South Carolina Rep. Trey Gowdy was selected by the Republican Steering Committee on Thursday to be the next chairman of the House Oversight and Government Reform Committee.
House Speaker Paul D. Ryan, in announcing the decision, lauded Gowdy’s “deep commitment to transparency and accountability.” The selection will be ratified by the full GOP conference on Tuesday.
Only one other member of the panel, Rep. Steve Russell, expressed an interest in being the panel’s next gavel-holder. The Oklahoma Republican told reporters after leaving the meeting in the Capitol basement that he sought the seat because he wanted to address duplicity in government.
Gowdy ranks ninth on the committee in seniority while Russell is 19th.
“Trey has my absolute confidence, and I know he will do an outstanding job,” Ryan said in a statement, before thanking Russell for putting his name forward.
Gowdy had been seen as a favorite to replace current Chairman Jason Chaffetz, who announced in April he would not be seeking re-election to his congressional seat. The Utah Republican is leaving Congress on June 30.
If elected by the full conference, Gowdy would take Chaffetz’s place when the decision is read on the House floor.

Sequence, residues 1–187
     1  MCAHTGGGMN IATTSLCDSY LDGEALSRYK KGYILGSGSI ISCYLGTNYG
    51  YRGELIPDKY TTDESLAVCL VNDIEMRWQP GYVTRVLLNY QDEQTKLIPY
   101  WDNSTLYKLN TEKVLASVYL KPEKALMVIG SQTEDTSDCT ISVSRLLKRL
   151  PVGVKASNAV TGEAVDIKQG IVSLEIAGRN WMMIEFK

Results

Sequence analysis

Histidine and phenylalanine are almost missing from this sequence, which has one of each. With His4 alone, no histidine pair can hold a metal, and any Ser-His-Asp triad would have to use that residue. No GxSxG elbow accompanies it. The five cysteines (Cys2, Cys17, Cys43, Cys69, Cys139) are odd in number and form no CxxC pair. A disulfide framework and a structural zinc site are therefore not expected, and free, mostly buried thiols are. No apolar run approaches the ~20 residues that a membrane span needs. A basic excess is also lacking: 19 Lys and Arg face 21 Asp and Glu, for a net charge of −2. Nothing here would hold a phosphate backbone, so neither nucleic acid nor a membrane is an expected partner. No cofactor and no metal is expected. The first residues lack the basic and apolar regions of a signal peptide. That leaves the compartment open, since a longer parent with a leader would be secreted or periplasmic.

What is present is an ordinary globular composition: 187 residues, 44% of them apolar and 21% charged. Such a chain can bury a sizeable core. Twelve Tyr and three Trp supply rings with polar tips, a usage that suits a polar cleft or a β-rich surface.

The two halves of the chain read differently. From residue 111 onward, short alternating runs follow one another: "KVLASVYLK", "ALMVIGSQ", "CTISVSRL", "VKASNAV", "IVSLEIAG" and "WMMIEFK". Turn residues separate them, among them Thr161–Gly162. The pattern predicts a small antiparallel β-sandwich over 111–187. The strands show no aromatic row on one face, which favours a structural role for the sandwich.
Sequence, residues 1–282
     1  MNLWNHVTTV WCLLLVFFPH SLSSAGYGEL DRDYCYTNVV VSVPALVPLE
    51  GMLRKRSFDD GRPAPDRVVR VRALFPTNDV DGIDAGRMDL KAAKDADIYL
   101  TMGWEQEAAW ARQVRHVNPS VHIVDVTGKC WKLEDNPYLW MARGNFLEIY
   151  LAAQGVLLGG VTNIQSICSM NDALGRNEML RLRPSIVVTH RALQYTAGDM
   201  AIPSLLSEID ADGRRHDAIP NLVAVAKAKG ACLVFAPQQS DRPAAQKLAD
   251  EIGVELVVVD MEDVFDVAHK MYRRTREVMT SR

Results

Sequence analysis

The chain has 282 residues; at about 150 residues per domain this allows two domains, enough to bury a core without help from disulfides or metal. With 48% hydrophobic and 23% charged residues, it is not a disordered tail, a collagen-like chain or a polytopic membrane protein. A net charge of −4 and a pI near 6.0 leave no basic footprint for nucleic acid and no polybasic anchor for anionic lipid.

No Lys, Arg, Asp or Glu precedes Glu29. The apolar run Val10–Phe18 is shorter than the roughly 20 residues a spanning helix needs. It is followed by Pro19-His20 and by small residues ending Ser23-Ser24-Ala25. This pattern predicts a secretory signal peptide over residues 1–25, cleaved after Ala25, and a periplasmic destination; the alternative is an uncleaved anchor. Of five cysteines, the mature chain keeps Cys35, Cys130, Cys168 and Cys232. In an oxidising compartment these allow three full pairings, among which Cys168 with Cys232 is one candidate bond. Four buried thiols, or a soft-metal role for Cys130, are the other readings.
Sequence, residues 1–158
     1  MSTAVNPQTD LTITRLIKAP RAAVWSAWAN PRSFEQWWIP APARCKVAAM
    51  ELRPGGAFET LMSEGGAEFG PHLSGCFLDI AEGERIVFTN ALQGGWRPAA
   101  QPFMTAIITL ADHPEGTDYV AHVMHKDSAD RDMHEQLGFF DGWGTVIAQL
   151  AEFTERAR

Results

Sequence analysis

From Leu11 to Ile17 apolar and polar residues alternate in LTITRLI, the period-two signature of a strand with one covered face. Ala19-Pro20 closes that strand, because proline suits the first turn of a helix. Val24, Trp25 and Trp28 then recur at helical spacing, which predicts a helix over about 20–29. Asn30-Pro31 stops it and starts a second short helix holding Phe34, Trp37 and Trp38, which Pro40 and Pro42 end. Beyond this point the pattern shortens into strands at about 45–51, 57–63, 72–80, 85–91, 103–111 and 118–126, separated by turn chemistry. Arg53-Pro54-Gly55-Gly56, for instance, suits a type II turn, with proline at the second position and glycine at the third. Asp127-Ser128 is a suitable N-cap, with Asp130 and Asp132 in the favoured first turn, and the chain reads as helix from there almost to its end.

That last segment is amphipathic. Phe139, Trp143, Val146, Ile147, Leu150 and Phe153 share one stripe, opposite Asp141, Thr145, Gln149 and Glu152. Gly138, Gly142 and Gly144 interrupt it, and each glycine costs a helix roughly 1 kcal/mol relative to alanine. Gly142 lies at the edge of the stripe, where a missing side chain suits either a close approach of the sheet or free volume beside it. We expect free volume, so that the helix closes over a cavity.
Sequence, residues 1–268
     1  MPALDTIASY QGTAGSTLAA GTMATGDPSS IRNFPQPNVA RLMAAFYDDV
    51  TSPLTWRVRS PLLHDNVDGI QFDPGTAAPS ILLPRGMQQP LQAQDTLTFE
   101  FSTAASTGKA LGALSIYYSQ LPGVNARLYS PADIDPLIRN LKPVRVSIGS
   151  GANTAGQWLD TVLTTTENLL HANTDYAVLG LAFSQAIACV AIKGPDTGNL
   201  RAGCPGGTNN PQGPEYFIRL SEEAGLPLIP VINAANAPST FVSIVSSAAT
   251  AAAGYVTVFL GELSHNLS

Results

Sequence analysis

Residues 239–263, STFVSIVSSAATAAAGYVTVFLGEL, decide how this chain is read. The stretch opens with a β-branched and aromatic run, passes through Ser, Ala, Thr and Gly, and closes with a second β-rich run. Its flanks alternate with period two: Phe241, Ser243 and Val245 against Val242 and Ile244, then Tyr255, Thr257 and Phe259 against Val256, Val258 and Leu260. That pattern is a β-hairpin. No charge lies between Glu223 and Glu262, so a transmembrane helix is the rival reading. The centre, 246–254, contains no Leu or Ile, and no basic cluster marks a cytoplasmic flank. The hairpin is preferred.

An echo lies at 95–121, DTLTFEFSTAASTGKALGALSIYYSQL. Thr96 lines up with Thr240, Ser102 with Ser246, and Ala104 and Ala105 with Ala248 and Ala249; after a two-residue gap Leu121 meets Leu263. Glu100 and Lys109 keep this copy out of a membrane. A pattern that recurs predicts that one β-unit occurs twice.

The South Carolina Republican said in a statement that he was grateful for the opportunity to serve. The Oversight panel has jurisdiction over the executive branch and the District of Columbia.
Gowdy even got a vote of confidence from Democrat Eleanor Holmes Norton, D.C.’s delegate to Congress. Norton has engaged with leaders of the committee on matters related to the District ranging from budget autonomy to planning and zoning. She enjoyed a fairly productive relationship with California Republican Darrell Issa, who chaired the panel from 2011 to 2015.
“Trey Gowdy has been an open-minded and fair member when it comes to D.C. I look forward to meeting with him to discuss areas that we can work together during this Congress,” Norton said in a statement.
The Oversight role could leave Gowdy in a sticky situation as he and its Republican members will be tasked with investigating an administration of their own political party.
The South Carolina Republican, a former federal prosecutor, made a name for himself nationally when he led the House committee that investigated the 2012 Benghazi attack while Hillary Clinton was secretary of State.
Jason Dick contributed to this story.